- Marguerite (Simone Simons) – A young woman living in the Town (in which Epica ends and The Black Halo begins), Marguerite's voice and appearance are similar to Helena's. Her character was inspired by the appearance of Helen of Troy in Goethe's Faust, but she is named after Gretchen from Goethe's Faust, "Gretchen" being a nickname for Margaret or Marguerite.
Continuing from Epica, Ariel is still stricken with grief and sorrow over Helena's death. (March of Mephisto) With Ariel's will nearly under Mephisto's total control, the fallen angel brings Ariel a beautiful young woman named Marguerite, who looks and speaks like Helena. Ariel seduces Marguerite and the two sleep together, which completes Mephisto's manipulation of Ariel. (When the Lights are Down) The morning after, Ariel regains his memory, breaking Mephisto's control over him, and comes to his senses. He apologizes to Marguerite and explains his story, begging her to leave, but saying that they might meet again someday. (The Haunting (Somewhere in Time)) Ariel leaves Mephisto, and wonders how all the pain he has caused could come about as a result of his good intentions in searching for the answers to the meaning of life. (Soul Society) He concludes that it is impossible to find these answers on Earth, and that they must lie in heaven alone. (Interlude I: Dei Gratia) Realizing that his sins have prevented him from entering heaven, he begs god for forgiveness, but hears no sign from Him. (Abandoned) Heartbroken, he realizes that he will never be able to reunite with Helena, nor find the answers he seeks. He looks back on the suffering that he has caused to everyone he knows, and concludes that it can never be undone. (This Pain)
With this, Ariel prompts himself into action, and decides to confront Mephisto. He crosses the river and approaches Mephisto's castle. (Moonlight) Resigning himself to death, he approaches Mephisto. (Interlude II: Un Assassinio Molto Silenzioso) Ariel denounces him as traitorous and evil. He cuts his ties to Mephisto, and resolves to live a good life like Helena did, even though his sins have damned his soul to hell anyway. (The Black Halo) Ariel states that humanity will always struggle with the very questions that Ariel has been trying to answer throughout his journey. This prompts him to a sudden realization: that love is the ultimate answer to life, and that the true love between himself and Helena was thus a part of it, even before he left on his quest. He knows now that, even having found his answer, he will never be truly satisfied, and that his free will allows him to create his own meaning of life and his own destiny. With his questions finally answered, he comes to a state of transcendental understanding and sublime joy, so strong that he wishes to linger in that moment forever. (Nothing Ever Dies)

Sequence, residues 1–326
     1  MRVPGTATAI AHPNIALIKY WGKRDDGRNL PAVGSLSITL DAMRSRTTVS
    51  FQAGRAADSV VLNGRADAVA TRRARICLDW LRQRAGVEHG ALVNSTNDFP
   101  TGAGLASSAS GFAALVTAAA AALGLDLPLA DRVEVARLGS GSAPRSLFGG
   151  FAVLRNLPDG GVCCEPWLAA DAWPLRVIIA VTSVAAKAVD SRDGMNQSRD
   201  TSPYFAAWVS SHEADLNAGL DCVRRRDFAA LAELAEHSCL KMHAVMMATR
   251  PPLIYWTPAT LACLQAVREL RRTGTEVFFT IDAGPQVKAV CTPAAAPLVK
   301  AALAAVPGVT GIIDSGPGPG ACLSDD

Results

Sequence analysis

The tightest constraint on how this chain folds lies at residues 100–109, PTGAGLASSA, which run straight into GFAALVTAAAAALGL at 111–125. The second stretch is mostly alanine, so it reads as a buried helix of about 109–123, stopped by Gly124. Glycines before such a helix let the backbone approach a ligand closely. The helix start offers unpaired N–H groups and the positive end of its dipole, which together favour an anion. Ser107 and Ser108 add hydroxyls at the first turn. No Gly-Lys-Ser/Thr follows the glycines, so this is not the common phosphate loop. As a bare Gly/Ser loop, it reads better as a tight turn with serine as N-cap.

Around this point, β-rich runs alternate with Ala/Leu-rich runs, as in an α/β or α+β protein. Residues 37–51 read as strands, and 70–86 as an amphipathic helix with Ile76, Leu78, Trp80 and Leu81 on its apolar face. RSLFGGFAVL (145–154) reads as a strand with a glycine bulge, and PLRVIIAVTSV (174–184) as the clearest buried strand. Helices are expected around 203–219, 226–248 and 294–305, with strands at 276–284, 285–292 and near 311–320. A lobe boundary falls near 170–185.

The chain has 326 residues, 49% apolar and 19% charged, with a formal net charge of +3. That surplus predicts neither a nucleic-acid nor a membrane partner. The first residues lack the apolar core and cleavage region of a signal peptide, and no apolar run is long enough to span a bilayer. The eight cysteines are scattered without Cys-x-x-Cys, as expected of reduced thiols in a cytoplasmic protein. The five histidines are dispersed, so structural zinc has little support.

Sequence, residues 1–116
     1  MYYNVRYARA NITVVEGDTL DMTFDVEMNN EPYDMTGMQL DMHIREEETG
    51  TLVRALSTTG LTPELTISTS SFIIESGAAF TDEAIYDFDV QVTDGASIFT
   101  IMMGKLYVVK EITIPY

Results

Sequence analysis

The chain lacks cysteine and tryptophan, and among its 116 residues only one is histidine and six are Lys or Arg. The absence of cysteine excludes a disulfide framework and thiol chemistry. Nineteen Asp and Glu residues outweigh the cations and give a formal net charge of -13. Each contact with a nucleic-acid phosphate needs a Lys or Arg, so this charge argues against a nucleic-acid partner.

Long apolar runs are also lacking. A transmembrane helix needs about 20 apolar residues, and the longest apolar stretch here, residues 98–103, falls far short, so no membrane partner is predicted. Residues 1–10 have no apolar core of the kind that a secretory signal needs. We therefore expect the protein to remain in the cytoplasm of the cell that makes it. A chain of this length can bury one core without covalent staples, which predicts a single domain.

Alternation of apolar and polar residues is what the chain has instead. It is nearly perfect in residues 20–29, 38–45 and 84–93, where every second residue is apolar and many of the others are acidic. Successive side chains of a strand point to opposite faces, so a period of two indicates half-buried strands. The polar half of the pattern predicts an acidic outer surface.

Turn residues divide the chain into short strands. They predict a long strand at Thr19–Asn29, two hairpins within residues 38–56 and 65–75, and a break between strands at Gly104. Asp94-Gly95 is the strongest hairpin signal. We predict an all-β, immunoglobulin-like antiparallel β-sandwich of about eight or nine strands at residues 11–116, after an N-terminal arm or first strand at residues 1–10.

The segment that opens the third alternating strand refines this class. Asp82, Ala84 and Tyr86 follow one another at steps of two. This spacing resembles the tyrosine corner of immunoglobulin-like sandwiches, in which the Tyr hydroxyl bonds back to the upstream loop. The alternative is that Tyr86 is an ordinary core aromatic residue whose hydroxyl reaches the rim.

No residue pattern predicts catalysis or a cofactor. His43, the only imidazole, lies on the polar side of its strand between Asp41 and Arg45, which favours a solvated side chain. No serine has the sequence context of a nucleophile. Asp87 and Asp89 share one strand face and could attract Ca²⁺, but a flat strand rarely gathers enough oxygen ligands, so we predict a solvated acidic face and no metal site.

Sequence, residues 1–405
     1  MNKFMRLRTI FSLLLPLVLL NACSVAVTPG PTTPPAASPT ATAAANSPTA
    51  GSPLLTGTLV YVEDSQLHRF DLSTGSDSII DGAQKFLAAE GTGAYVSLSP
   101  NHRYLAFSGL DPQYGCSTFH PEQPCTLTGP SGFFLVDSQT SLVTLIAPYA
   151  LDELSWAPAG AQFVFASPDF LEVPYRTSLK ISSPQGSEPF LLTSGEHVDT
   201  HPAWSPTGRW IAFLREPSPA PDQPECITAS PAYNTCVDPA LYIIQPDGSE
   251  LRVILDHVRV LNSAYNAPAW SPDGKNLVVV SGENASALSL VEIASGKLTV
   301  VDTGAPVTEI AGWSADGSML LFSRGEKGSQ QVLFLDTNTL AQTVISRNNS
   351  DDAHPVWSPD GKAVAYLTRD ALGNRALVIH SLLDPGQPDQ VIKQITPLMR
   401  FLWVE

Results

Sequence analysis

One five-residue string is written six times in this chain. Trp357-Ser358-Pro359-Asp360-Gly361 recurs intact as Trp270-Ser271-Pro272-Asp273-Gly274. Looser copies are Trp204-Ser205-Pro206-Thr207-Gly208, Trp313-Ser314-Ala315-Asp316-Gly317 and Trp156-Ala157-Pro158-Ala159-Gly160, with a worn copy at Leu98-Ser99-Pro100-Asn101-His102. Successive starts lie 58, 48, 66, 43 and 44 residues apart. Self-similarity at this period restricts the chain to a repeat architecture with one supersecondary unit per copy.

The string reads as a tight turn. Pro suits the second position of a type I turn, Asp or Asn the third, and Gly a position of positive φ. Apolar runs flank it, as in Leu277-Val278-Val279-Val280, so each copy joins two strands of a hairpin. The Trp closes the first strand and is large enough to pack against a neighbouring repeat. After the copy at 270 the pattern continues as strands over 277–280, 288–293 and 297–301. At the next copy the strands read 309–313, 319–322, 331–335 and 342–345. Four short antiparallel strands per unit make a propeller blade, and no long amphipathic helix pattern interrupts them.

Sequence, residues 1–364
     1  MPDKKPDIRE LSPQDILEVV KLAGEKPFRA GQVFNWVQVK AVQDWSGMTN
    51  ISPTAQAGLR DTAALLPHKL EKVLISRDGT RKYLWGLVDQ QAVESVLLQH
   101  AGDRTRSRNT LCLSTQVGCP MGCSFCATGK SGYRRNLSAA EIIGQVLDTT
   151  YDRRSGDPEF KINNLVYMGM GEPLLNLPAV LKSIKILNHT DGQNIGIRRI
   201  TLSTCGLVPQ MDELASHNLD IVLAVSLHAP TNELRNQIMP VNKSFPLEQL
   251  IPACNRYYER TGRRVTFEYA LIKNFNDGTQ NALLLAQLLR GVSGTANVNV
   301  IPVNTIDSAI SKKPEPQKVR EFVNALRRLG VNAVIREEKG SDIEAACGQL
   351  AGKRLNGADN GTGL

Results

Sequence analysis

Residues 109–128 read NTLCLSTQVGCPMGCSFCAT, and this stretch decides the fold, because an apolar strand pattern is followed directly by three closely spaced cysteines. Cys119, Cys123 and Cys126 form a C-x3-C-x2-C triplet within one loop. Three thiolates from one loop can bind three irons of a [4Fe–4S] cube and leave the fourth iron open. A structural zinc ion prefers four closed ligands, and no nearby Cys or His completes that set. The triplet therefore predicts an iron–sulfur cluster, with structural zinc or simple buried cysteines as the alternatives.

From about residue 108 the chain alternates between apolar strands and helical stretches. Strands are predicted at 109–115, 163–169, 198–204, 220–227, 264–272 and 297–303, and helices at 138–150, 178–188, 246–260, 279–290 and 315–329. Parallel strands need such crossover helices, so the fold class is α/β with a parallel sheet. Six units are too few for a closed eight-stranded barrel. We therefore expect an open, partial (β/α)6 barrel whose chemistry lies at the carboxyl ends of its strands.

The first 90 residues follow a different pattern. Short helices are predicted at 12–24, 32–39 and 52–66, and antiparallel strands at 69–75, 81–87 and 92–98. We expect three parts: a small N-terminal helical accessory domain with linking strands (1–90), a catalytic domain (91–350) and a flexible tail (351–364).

This moment of total satisfaction brings into effect the contract that Ariel made with Mephisto, and thus his soul now belongs to the fallen angel. As Ariel's soul begins to leave his body, Mephisto prepares to claim it. However, Helena intercedes to God on Ariel's behalf. Since Ariel has rejected all evil, even in the face of certain damnation, he has redeemed himself, and God allows him to enter heaven with Helena. Mephisto, his bet with God lost, wails as he is cast into hell forever. (Memento Mori)